Whoever would have thought that attending a cooking class and not being able to savor the flavors and aromas of the final products would become a thing? But here we are. Over the past several months since the COVID-19 pandemic forced most Americans into their homes, ideas about personal interaction and entertainment have changed drastically. Though some might say the bar has been lowered, more positive thinkers can celebrate the fact that boredom at home has not only opened our minds to new possibilities, but also spawned a wealth of creativity. This has been particularly true for the many natural products brands that have been turning to virtual marketing strategies to reach out and interact with customers where they live, spreading brand awareness and helping chase the quarantine blues away.
Virtual cooking demonstrations—the majority of them posted on social media or online conferencing platforms—have emerged as a versatile tool for brands to interact with consumers that have been cooking most of their meals at home. They are also very relevant given that people have been unable—or, as the economy starts to open up around the country, unwilling—to browse supermarket shelves for new products and ideas, indulge in in-store demos or dine out.
Participants, not spectators
But while many brands have latched onto the cooking show concept, the ones that are doing it particularly well are those that have figured out how to offer consumers a little something extra. This might hinge on the service they’re providing, the emotional connection the content provokes or the interaction it inspires among viewers.
Cynthia Samanian, the founder and CEO of experiential marketing consultancy Hidden Rhythm, says this is one of the keys to standing out in a market that is now bursting with virtual experiences and online events. Not only do brands need to think about how they can actually solve a problem for a target consumer, she says, but they should also think about their audience as participants, rather than mere spectators. To truly engage people, she adds, “brands should think about the experience beyond the time that they’re actually live, from the minute they promote it to their final email. The whole lifecycle of the experience isn’t just that time that people log on and watch the class.”
Samanian, who offers a six-week course for brands that want to produce online experiences and has published a free guide to this effect, says that it’s also vital for brands to hone in on their niche: “Any time that you’re in a crowded space, it serves you so much better to narrow your market and become hyper-focused on who your target customer is. That way you can serve them right and deliver an experience that speaks exactly to their needs and wants, rather than just putting a product out there and hoping that anyone who sees it is going to be interested.”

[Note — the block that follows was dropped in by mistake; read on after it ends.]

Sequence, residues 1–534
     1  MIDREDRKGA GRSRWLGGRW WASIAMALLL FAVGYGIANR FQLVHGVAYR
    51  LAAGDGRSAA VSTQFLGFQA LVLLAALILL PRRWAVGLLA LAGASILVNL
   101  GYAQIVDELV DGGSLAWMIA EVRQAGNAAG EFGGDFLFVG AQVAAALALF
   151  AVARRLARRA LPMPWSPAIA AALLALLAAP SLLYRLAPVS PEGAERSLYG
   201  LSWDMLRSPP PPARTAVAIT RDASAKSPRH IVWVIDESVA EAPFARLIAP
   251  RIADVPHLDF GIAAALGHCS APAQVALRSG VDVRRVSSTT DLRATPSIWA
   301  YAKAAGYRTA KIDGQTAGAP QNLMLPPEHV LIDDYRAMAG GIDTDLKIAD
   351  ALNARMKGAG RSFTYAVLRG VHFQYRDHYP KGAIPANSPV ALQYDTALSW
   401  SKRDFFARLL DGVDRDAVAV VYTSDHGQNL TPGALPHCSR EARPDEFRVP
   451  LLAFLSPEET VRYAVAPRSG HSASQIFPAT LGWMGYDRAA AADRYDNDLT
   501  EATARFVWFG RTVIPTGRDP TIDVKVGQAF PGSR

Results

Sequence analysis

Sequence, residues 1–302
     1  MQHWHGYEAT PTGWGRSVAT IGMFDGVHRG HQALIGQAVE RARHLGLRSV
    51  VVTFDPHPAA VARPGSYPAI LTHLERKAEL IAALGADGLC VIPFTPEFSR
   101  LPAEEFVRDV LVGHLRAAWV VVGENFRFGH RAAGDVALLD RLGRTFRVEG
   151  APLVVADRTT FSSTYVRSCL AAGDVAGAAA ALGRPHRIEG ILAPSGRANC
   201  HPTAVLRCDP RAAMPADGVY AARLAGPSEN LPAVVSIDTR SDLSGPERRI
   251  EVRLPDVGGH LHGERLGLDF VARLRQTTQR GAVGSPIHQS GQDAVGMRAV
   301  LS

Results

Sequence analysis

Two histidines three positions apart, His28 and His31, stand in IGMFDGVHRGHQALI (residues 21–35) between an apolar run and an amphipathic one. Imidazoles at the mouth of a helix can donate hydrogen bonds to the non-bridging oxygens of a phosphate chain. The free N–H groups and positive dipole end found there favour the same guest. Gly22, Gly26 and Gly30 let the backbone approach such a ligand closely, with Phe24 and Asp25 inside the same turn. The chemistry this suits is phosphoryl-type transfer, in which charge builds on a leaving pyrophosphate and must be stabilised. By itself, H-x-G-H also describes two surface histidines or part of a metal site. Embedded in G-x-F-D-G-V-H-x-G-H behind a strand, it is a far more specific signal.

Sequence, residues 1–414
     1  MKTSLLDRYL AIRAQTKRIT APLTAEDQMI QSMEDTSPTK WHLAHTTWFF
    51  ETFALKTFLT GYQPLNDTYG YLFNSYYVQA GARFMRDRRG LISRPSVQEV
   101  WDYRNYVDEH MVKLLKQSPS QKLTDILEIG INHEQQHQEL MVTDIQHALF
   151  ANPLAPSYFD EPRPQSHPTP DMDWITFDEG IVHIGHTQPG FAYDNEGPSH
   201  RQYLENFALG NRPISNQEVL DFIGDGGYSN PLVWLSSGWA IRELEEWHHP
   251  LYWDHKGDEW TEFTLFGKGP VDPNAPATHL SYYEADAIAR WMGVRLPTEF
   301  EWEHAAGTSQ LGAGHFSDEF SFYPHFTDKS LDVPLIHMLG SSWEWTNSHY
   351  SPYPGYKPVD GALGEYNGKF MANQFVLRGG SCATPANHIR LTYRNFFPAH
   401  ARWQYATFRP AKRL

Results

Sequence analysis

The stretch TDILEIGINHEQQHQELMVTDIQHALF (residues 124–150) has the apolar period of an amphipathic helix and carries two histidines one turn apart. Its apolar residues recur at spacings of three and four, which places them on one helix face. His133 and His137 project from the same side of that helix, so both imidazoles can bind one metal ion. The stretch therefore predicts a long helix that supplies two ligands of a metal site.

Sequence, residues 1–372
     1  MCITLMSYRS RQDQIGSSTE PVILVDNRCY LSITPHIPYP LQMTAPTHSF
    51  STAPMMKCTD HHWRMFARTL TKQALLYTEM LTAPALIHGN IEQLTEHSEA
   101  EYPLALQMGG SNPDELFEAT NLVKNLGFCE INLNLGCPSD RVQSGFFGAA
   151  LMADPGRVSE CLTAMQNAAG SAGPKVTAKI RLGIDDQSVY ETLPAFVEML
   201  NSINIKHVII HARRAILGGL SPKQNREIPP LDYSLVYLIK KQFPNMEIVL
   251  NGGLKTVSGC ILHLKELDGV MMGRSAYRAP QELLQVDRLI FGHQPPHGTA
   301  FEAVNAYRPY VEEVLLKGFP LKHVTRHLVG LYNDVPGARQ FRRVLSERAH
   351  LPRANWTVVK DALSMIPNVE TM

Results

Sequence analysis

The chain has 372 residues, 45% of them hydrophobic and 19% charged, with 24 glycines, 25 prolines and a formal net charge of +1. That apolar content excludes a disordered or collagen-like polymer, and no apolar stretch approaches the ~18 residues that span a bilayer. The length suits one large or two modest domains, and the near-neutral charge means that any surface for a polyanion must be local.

Miyoko’s Creamery, whose founder Miyoko Schinner has been hosting near-daily cooking shows in her home kitchen on Instagram TV, or IGTV, is a great example of how a brand can use these types of demonstrations to serve its core community, in this case vegans. Above and beyond that, Schinner’s lengthy videos are casual, personal and wonderfully relatable. She struggles with finding certain ingredients, talks tearfully about the loss of a beloved pet and gets props for putting on a dress. It’s not just a good recipe, it’s entertainment.
Eat JUST Inc. has also been extremely diligent about serving its customers during this time with more than two dozen cooking demonstrations posted on IGTV as part of the “JUST At Home” series. Hosted by different members of the company’s in-house product development team in their home kitchens, the videos typically average about three minutes in length and have raked in nearly 300,000 total views since debuting in late March. Straightforward and pleasant, the videos feature a huge range of appetizing recipes using the company’s plant-based egg substitutes. They also introduce consumers to the people behind these innovative products.
Cooking with the stars
Other brands have opted to engage with customers through celebrity or chef-run demonstrations. Here, again, IGTV is a favorite tool and one that allows viewers to weigh in on the cooking process. Comedian Whitney Cummings did an almost 40-minute spot for Caulipower as part of the company’s interactive “Caulipower n’ Chill,” content series. Not only did she take viewers’ suggestions for pizza toppings, she answered their questions while waiting for the pizza to cook. This four-part series had more than 70,000 live views and the company gave away 10,000 pizzas to participating viewers.
For its part, plant-based meat-alternative company Gardein enlisted the help of Amy Sedaris and Lance Bass to help launch its new Ultimate Plant-Based Burger, capitalizing on the stars’ more than one-million combined Instagram followers. Each entertainer prepared the new burger on their own IGTV channel and fans voted for their favorite dish directly on Gardein’s Instagram account.
As brands roll out more and more online experiences, the important thing to keep in mind now, says Samanian, is what the next iteration of these online actions will look like as the country starts to open up. “At the beginning, everyone was just putting everything out there, but [the current level of online presence] is not sustainable in the long run.” Even so, Samanian insists that this online experience has unlocked a new and cheaper channel for brands to continue to develop in the future. It has also leveled the playing field for smaller brands to compete with larger ones and reach a broader audience of people across the country and around the world. The challenge moving forward, she says, will be to continue to find creative ways to stand out.